You don’t have to have a Master’s degree in clinical psychology to know that people are stressed: Work stress, home stress, and life stress. It’s a lot, and your employees are by no means immune.

Stress in the workplace, though, rarely occurs in isolation. Instead, it’s almost always accompanied by procrastination, and the two often combine to form a destructive cycle in which stress breeds procrastination which in turn breeds more stress. And on and on we go.

It is possible, however, to disrupt the procrastination-stress cycle before it even begins. The key is effective project management.

The Connection Between Stress, Productivity, and Procrastination

If you’ve ever experienced stress (and who hasn’t?!), you’re probably all too familiar with its detrimental impact on your productivity. Studies show, for example, that those under significant stress, no matter its source, will experience a decline in their perceived physical and mental well-being.

This decline in physical and mental wellness results in a loss of energy and focus, both of which are essential to workplace productivity. When you feel you don’t have the stamina or the mental clarity to do your work effectively, you’re likely putting off the work for as long as possible.

While this may feel like a quick fix in the short term, as deadlines approach, stress levels only increase, adding to the temptation to procrastinate still more–until, at last, there’s no more time. When that happens, there’s often a minimal choice but to either miss the deadline or sprint to finish.

The Cascade from Sprint to Burnout

While a sprint to the finish may be productive, this is only true when rushing to complete your work is the exception rather than the rule. Unfortunately, the more you stress, procrastinate, and sprint, the more likely you will burn out entirely. There’s only so much stress the mind and body can handle before they give up and break down.

Employees must learn to prioritize work tasks, manage time effectively, and collaborate productively with their team. This includes the ability to define and schedule job duties to ensure steady and timely progression toward the end goal.

Why Do Project Managers Experience Stress?

Not only will your employees experience stress and face the temptation to procrastinate in fulfilling their project obligations. Project managers can experience as much stress as their subordinates, if not more.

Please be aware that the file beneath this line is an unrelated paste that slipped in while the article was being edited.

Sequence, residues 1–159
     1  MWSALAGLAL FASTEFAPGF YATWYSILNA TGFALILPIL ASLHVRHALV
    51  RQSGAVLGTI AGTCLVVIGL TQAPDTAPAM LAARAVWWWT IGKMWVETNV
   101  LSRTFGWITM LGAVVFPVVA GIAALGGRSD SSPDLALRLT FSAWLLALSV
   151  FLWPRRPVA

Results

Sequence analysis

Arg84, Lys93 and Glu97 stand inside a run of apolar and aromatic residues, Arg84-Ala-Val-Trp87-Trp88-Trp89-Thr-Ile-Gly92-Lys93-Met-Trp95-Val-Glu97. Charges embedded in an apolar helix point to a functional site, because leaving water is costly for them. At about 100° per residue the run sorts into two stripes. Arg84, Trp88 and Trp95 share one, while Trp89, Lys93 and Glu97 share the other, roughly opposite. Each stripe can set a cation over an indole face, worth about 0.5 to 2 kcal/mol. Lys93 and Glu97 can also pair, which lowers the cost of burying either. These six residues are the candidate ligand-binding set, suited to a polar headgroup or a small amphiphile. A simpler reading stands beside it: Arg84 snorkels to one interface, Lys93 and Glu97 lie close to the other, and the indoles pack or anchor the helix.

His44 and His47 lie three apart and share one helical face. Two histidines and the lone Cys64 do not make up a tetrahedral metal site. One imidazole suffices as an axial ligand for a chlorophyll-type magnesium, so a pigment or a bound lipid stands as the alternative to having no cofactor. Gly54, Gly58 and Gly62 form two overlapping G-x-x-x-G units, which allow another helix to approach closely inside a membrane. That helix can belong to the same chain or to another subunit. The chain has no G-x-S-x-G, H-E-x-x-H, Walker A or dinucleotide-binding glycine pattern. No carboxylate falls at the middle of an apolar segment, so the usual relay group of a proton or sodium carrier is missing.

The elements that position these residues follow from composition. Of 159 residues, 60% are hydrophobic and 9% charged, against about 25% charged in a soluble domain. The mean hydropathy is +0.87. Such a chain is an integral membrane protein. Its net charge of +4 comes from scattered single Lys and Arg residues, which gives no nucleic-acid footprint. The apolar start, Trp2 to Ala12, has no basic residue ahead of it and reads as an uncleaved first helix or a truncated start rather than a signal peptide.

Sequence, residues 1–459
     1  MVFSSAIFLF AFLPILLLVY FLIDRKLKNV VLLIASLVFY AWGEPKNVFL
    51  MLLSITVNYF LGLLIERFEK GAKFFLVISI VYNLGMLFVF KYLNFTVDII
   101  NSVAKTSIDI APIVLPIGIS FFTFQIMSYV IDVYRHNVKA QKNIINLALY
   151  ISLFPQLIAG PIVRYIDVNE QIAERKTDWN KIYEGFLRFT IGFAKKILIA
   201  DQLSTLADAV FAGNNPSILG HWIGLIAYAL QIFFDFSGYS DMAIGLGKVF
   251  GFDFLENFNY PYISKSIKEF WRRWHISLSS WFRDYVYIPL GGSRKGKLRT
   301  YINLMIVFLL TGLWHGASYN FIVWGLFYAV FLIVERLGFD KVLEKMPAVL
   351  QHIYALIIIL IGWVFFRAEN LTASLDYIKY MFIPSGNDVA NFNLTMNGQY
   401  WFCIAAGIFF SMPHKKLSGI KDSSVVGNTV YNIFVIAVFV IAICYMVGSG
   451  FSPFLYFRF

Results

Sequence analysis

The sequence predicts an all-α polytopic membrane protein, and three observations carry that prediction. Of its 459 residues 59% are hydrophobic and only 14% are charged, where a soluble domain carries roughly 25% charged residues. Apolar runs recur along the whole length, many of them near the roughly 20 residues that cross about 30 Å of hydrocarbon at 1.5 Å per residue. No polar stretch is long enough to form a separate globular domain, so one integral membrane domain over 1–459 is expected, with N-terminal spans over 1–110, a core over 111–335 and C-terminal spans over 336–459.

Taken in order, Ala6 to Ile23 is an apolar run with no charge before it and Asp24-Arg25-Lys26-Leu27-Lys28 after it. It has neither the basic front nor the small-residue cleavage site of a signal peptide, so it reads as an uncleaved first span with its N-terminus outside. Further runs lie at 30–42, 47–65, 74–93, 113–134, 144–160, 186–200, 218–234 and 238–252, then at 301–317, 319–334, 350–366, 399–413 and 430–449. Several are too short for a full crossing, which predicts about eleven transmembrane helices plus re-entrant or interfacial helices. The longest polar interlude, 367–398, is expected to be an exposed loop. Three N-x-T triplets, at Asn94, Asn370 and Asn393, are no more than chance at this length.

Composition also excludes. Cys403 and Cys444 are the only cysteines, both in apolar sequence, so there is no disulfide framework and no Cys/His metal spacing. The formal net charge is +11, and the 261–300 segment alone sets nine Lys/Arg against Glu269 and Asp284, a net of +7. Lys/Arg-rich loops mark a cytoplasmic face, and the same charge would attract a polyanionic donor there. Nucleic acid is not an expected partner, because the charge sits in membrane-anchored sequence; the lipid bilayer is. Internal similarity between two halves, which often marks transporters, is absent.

The key to breaking the cycle is much the same for your team. As a project manager, it is essential to learn to establish priorities and create realistic timelines for project delivery and the achievement of critical milestones in the project lifecycle.

Tangible Project Management Strategies for Breaking the Cycle

As prolific as workplace stress may be and seemingly intractable as the procrastination-stress cycle often appears, it is possible to stop the madness. As a project manager, your role in this effort is paramount.

To disrupt the cascade, you will need to focus on defining tasks, outlining key milestones, and establishing reasonable timelines for project completion in incremental stages.

Additionally, it’s also imperative that you establish and implement the desired workflow. This will also require you to ensure that you have strong communication channels. This way, every team member will clearly understand their responsibilities and timelines regarding project completion and know whom to report to and how often for status updates, questions, and concerns.

Supporting workflow to mitigate stress and prevent procrastination will often mean optimizing the tech your team is using. With the right project management software, scheduling, status updating, collaboration, and communication can be a breeze.

This is particularly true if you work with a geographically distributed team or a hybrid or fully-remote workforce. Indeed, good productivity and communication tools are essential for cohesion and collaboration in diverse groups.

The Takeaway

There’s no getting around it: workplace stress is inevitable, and it’s a function of the importance of the work, your employees, and your client’s investment in the work. That does not mean that work stress must also inevitably trigger the destructive procrastination-stress cycle. Instead, as a project manager, you have significant power to stop the cycle before it begins. The key is establishing priorities, defining project duties, and formulating incremental milestones and reasonable timelines. In addition, eliminating the stress-procrastination cycle also means using superior technology. The right project management software can help you take your scheduling, communication, and oversight capabilities to the next level and, in the process, transform potentially destructive stress into productive stress both for you and your team.

Author Bio : Miles Olive is an independent writer with a background in business and passion for tech, psychology, and sustainability. When he is not writing, he is most likely mountain biking, traveling, or kicking back with a cup of tea. 

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